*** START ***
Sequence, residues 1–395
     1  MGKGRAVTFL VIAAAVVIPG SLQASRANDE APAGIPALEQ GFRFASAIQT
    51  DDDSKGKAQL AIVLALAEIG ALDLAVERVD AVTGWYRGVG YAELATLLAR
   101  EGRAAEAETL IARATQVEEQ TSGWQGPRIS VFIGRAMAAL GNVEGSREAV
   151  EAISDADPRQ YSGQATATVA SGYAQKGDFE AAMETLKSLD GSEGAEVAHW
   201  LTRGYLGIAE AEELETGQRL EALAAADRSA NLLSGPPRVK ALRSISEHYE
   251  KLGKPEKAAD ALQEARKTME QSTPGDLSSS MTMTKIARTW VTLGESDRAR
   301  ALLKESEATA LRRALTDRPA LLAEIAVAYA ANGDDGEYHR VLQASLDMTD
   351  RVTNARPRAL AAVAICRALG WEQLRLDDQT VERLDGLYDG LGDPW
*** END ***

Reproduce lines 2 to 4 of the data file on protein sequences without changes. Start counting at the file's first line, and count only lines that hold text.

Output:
     1  MGKGRAVTFL VIAAAVVIPG SLQASRANDE APAGIPALEQ GFRFASAIQT
    51  DDDSKGKAQL AIVLALAEIG ALDLAVERVD AVTGWYRGVG YAELATLLAR
   101  EGRAAEAETL IARATQVEEQ TSGWQGPRIS VFIGRAMAAL GNVEGSREAV